America’s top two elected atheists
Americans elect a lot of public officials – over half a million, from the President down to school district level. If atheists and other nonbelievers were represented fairly, you would expect about 50 in the US Congress and another 50,000 at State and local level.
In 2007, the Secular Coalition for America tried to find them. They found only five. Three were very local officials: a school board president, a school committee member and a town meeting member. And the two most senior were both in their seventies, much closer to the end than the start of their political careers.
Pete Stark, United States Congressman
The first, Pete Stark, was born in 1931 and served in the Air Force and founded a bank before being elected to Congress in 1973 to represent a liberal district in California. He grew up a Republican, but had switched sides when he opposed the Vietnam War. He is a Unitarian Universalist, a congregation in which members seek their own truth about theological issues. Stark does not believe in a supreme being, saying that he is more interested in people, though he adds that the Stark family does recognize a supreme being – his wife Deborah.
So what horrific future would this openly atheist Congressman inflict on Americans? His shocking priorities are universal health care, ending the war in Iraq and protecting Medicare. He wants higher taxes for the wealthy and on cigarettes. He wants incentives for teachers to work in low-income schools. He wants higher payroll taxes to better fund social security. He wants better job re-training, child care and housing assistance. He supports the UN, the Kyoto protocol, abortion, gay marriage and affirmative action. He opposes the death penalty, and wants to restrict sex and violence on television. May God protect us all from Pete Stark.
Stark is unruffled by religious fanaticism, saying that ‘the leading candidates all agree that they believe in a supreme being, but forget about it as soon as they are elected.’ He believes that religion affects the style, rather than the substance, of the main political debate in America, which he says is between the Democrat view that government makes our lives better and the Republican view that government is dangerous for us. On ‘coming out’, he looked forward to ‘working with the Secular Coalition to stop the promotion of narrow religious beliefs in science, marriage contracts, the military and the provision of social service.’
Ernie Chambers, Nebraska State Senator
Next comes Ernie Chambers, the only openly atheist lawmaker at State level. He was born in 1937 and worked as a barber before he became a local civil rights leader in the 1960s. He was first elected as an independent candidate to the Nebraska Senate in 1971, and is the State’s only black Senator, its longest serving Senator and the only one to wear blue tee-shirts and jeans instead of a suit. His crimes against God include ending corporal punishment in state schools, getting equal state pensions for women, and blocking the legalization of concealed weapons. He strongly opposes the death penalty, and starts every legislative session by proposing its abolition.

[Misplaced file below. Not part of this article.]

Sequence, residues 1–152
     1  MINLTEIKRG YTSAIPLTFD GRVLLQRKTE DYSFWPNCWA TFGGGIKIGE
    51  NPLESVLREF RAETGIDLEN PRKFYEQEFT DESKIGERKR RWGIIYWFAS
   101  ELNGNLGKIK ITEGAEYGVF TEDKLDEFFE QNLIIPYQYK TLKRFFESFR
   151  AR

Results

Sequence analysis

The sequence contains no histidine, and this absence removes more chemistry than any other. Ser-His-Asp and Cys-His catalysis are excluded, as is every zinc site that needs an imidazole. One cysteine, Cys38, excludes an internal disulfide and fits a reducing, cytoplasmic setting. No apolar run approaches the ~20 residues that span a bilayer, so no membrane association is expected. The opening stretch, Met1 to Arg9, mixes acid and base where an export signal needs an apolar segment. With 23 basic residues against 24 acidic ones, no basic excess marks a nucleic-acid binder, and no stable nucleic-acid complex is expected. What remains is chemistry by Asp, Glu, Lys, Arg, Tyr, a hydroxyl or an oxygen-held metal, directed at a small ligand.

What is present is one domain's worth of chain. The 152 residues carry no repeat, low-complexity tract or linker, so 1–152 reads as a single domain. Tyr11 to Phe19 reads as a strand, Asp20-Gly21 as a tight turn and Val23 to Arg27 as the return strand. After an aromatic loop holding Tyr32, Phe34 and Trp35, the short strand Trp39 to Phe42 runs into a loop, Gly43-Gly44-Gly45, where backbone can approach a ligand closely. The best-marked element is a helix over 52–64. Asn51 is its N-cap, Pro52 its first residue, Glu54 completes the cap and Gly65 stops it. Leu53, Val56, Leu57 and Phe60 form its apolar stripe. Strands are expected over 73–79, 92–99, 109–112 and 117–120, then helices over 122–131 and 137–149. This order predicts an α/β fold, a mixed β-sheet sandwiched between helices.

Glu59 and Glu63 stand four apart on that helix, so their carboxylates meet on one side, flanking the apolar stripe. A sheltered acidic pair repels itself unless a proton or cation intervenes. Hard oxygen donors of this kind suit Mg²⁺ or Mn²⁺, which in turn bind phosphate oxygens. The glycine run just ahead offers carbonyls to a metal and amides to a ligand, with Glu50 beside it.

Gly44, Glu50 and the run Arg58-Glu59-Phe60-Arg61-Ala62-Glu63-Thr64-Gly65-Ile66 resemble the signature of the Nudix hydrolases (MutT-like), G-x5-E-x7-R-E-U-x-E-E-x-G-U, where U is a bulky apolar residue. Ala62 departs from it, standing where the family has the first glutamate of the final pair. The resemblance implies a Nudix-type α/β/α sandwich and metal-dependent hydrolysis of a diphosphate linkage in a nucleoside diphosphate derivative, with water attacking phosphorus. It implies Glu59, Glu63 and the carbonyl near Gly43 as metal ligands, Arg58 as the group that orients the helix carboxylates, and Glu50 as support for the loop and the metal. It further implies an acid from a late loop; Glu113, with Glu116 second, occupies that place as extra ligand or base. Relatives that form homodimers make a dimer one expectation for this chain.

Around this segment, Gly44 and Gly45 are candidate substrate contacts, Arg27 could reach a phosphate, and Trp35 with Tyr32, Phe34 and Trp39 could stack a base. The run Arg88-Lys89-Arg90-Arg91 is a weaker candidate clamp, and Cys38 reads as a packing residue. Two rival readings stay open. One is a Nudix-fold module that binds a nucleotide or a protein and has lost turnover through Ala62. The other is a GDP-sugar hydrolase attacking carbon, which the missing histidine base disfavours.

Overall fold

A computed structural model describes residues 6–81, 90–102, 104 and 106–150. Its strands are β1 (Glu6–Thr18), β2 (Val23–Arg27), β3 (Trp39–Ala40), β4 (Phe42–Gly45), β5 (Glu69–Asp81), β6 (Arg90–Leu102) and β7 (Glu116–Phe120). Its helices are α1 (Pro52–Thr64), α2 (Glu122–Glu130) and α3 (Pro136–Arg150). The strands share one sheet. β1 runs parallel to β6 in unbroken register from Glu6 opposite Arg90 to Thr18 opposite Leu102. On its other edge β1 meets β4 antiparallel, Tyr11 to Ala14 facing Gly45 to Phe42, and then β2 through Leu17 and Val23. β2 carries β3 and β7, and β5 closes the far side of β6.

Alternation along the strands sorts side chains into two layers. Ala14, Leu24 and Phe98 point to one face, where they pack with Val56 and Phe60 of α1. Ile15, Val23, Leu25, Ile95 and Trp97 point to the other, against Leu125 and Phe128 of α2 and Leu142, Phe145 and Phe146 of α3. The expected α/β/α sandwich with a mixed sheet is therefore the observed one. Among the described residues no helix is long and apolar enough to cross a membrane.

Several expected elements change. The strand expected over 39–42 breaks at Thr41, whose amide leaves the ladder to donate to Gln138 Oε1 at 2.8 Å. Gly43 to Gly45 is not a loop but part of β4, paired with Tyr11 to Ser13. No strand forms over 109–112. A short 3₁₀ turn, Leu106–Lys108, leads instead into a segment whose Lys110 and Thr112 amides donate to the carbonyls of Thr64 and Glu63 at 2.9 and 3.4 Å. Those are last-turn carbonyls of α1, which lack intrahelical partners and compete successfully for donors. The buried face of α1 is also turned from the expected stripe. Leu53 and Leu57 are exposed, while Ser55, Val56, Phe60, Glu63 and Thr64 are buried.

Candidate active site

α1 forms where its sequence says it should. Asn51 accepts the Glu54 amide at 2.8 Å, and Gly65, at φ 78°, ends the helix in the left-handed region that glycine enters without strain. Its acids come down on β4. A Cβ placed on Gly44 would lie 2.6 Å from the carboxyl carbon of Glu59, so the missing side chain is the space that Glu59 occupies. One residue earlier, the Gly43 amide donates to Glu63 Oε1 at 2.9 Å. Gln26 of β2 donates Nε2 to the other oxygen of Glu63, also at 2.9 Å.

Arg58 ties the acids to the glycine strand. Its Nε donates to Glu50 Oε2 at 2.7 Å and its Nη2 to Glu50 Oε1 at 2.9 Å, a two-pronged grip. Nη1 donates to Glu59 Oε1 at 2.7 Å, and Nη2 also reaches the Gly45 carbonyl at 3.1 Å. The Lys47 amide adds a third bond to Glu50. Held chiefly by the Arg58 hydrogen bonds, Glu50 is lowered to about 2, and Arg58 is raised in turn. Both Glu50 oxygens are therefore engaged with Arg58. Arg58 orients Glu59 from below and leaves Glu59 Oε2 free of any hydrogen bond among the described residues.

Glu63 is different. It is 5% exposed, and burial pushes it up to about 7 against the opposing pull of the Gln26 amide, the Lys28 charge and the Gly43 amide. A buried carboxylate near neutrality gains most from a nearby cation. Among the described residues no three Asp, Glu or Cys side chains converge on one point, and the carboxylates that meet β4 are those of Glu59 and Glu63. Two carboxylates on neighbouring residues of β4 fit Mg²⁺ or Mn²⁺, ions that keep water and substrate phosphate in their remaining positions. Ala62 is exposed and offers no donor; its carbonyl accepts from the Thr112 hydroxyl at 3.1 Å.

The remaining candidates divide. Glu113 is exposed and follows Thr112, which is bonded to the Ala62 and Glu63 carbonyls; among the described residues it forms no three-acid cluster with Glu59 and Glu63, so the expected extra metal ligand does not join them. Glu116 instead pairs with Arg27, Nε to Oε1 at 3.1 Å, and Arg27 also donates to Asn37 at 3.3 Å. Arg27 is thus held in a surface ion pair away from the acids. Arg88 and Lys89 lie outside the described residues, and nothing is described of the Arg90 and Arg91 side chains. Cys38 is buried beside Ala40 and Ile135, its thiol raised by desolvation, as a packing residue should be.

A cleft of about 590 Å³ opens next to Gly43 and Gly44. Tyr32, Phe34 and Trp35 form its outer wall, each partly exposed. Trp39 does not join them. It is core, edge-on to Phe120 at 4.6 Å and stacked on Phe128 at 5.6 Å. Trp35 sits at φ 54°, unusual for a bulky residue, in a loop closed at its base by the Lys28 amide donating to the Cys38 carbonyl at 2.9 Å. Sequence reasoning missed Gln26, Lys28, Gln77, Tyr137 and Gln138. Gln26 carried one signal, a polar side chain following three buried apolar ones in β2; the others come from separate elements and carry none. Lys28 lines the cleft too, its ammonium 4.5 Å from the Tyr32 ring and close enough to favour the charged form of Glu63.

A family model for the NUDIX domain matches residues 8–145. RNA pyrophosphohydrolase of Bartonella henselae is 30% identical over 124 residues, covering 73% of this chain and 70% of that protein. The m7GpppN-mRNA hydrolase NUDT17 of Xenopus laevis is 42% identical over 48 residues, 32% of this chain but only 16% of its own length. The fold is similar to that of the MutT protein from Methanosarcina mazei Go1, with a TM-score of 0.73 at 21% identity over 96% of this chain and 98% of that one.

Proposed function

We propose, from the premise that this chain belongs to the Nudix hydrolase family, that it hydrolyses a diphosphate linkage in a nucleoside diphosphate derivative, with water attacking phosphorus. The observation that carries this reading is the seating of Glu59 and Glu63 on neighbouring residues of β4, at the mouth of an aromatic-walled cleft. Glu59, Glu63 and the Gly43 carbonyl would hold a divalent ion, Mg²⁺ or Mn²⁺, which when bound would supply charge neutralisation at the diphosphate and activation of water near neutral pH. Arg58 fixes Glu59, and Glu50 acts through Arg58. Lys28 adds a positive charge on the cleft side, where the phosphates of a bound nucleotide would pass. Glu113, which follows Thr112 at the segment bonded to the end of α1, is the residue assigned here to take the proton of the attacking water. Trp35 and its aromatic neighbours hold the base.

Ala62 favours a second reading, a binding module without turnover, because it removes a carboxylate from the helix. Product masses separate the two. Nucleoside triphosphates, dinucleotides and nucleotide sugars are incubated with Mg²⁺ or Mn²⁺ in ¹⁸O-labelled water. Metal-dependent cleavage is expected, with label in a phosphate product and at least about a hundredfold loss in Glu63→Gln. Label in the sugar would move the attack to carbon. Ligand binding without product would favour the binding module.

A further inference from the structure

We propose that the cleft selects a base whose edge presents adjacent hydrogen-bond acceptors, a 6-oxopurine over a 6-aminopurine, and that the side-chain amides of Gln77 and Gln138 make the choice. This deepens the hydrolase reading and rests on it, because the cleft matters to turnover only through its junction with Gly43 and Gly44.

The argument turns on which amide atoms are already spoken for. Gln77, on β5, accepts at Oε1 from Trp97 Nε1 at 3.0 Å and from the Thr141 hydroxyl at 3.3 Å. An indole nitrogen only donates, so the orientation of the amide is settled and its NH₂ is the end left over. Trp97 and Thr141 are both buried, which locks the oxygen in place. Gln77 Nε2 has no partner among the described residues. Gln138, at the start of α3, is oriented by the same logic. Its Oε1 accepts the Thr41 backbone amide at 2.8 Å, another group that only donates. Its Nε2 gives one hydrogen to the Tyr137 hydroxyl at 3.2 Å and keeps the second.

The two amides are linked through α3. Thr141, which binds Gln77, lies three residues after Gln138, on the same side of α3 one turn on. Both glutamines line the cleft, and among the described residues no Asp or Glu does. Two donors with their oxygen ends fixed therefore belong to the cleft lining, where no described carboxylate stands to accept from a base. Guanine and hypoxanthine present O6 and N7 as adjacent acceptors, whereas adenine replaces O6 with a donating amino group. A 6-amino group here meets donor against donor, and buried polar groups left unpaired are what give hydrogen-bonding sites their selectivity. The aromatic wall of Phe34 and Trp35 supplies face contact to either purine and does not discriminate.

Chambers got world attention in 2007 when he took a legal case against God. In a different case, a Nebraska judge had barred a woman from using the words ‘rape’ or ‘victim’ while alleging that she was a rape victim. He insisted that she describe what happened as ‘sex’, which is a bit like calling a mugging a ‘financial transaction’. The woman took a lawsuit against the judge, but her case was dismissed as being frivolous. Chambers took her side, arguing that the Nebraska constitution allows anyone to sue anyone. To make this point in a satirical way, he sued God in the district court of Douglas County, Nebraska.
Chambers wanted an injunction ordering God to cease certain harmful activities including the making of terroristic threats as well as ‘fearsome floods, egregious earthquakes, horrendous hurricanes, terrifying tornados, pestilential plagues, ferocious famines, devastating droughts, genocidal wars, birth defects and the like.’ He argued that the court had jurisdiction because God, being omnipresent, was personally in Douglas County, and that he should not have to serve legal papers because God, being omniscient, already knew about the case.
Three Local Elected Officials
The three local officials who responded to the Secular Coalition were Terry Doran, president of the School Board in Berkeley, California.; Nancy Glista on the School Committee in Franklin, Maine; and Michael Cerone, a Town Meeting Member from Arlington, Massachusetts. And that, in the early twenty-first century, was the extent of openly atheist elected officials in America: Pete Stark married to his supreme being in California, Ernie Chambers suing God in Nebraska, and three local officials scattered across three million square miles of land.
Clearly there are many, many more elected atheists in the American closet. If one in every ten citizens rejects belief in gods, then about fifty members of Congress should do so. The Secular Coalition says there are 21 others who are not yet willing to go public. Even if this is true, it would still be less than half the amount that would be proportional to the overall population. It is time for elected American atheists to stand up for their rational beliefs.